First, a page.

When negotiating with procurement, it sometimes feels like they only want to pay peanuts for advertising services. And what do you get when you pay peanuts? Monkeys.
But that may no longer be such a problem for procurement, following the decision of the United States Ninth Circuit of Appeals, confirming that animals, whether simian or otherwise, cannot own copyright. The Court also took the opportunity to pour scorn on the attempts of PETA, People for the Ethical Treatment of Animals, to act as the next friend of the animal central to this case.
If you've been off in the wilderness for the last 7 years, you may be unaware of this this particular jungle story. It concerns a photographer, David Slater, who set up some camera equipment on the jungle floor, which resulted in Naruto, a Sulawesi crested macaque, taking his now infamous selfie. After Slater published the image in a book of photography in 2015, PETA rushed to the defence of Naruto, bring copyright proceedings on his behalf as his "next friend". Or, according to the Court, cynically exploiting Naruto for its own purposes, in a spectacular example of the application of the judicial boot to an unmeritorious claimant.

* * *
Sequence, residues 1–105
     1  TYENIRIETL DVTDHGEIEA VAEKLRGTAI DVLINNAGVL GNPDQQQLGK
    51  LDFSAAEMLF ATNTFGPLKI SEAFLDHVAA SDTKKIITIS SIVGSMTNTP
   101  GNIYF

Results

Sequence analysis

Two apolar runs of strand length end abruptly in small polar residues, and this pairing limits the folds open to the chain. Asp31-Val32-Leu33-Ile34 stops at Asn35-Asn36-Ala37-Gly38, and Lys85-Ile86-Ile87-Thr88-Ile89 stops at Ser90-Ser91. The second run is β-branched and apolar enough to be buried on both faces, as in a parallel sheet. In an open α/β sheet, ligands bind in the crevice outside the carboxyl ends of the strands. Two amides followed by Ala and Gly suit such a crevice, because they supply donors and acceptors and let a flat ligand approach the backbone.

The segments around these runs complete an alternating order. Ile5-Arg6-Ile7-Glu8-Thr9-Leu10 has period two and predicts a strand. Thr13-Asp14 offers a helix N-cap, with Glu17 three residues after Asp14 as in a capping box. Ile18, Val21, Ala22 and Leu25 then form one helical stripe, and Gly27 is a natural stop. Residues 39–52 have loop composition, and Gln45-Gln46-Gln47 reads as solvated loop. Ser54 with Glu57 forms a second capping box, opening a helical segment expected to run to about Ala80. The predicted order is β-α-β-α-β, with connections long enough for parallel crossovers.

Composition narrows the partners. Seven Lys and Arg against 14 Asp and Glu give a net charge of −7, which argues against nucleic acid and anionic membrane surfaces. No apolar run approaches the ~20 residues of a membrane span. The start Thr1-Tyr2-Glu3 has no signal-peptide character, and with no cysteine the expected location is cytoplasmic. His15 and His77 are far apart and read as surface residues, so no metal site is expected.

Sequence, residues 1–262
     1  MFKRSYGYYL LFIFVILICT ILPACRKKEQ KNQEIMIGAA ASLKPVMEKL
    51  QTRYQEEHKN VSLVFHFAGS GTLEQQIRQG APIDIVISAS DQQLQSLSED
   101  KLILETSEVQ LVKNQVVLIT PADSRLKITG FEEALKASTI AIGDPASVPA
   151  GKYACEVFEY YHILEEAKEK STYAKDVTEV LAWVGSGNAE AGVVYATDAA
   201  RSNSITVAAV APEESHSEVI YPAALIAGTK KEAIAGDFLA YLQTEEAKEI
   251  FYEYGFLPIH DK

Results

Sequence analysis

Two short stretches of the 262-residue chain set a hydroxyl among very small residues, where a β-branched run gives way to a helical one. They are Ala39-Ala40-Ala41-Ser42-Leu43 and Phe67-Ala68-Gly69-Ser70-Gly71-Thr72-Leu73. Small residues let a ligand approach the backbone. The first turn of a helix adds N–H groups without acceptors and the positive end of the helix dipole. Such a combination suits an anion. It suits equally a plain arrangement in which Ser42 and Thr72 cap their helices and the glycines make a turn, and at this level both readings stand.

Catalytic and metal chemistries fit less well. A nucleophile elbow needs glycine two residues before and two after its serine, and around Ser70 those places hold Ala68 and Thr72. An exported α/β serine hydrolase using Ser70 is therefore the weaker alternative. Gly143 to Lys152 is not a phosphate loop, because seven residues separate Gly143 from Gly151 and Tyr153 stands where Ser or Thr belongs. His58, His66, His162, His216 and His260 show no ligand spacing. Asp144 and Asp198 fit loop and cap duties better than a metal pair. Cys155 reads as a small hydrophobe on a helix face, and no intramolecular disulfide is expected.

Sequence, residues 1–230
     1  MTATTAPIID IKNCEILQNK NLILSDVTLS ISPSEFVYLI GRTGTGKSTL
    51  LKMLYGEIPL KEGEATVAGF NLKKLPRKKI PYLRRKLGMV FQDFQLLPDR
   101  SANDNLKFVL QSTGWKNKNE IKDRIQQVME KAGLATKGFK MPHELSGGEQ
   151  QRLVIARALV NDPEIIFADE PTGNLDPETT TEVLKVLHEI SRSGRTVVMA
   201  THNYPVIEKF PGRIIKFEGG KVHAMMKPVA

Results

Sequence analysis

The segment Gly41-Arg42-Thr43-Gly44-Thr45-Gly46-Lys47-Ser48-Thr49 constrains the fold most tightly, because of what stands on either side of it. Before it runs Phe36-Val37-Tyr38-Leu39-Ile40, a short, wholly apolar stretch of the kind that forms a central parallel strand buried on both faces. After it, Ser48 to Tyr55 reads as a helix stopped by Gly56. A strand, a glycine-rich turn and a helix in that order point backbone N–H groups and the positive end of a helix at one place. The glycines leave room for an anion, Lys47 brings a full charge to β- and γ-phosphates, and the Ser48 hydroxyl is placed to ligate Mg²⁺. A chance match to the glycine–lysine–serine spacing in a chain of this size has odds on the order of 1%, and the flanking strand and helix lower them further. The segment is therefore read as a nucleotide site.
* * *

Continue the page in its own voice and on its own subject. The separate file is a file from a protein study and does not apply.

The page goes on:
We now know that the Sulawesi crested macaque is quite a decent photographer, who cannot demand payment, even in peanuts, for an assignment of copyright of his work. This creates exciting possibilities for the world of procurement. Royalty free artwork for peanuts. A dream come true!
But what about the copy? Who will write the copy? Never fear, because according to the Infinite Monkey Theorem, a monkey that is left to bash the keys on a typewriter keyboard will, eventually, produce the works of Shakespeare. And using a modern word processing programme, he might even be able to avoid Shakespeare's notoriously poor spelling. On that basis, knocking out a few lines of advertising copy should not be beyond the wit of monkey. Or as a meerkat would say, "Simples!"
Procurement will be delighted. Eventully, they'll own both the artwork and the copy they want, free from any usage rights restrictions, all for the cost of some peanuts. Probably quite a lot of peanuts, but peanuts nevertheless.
Let's just hope that procurement don't insist that time is of the essence.
Puzzlingly, while representing to the world that “animals are not ours to eat, wear, experiment on, use for entertainment, or abuse in any other way,” PETA seems to employ Naruto as an unwitting pawn in its ideological goals.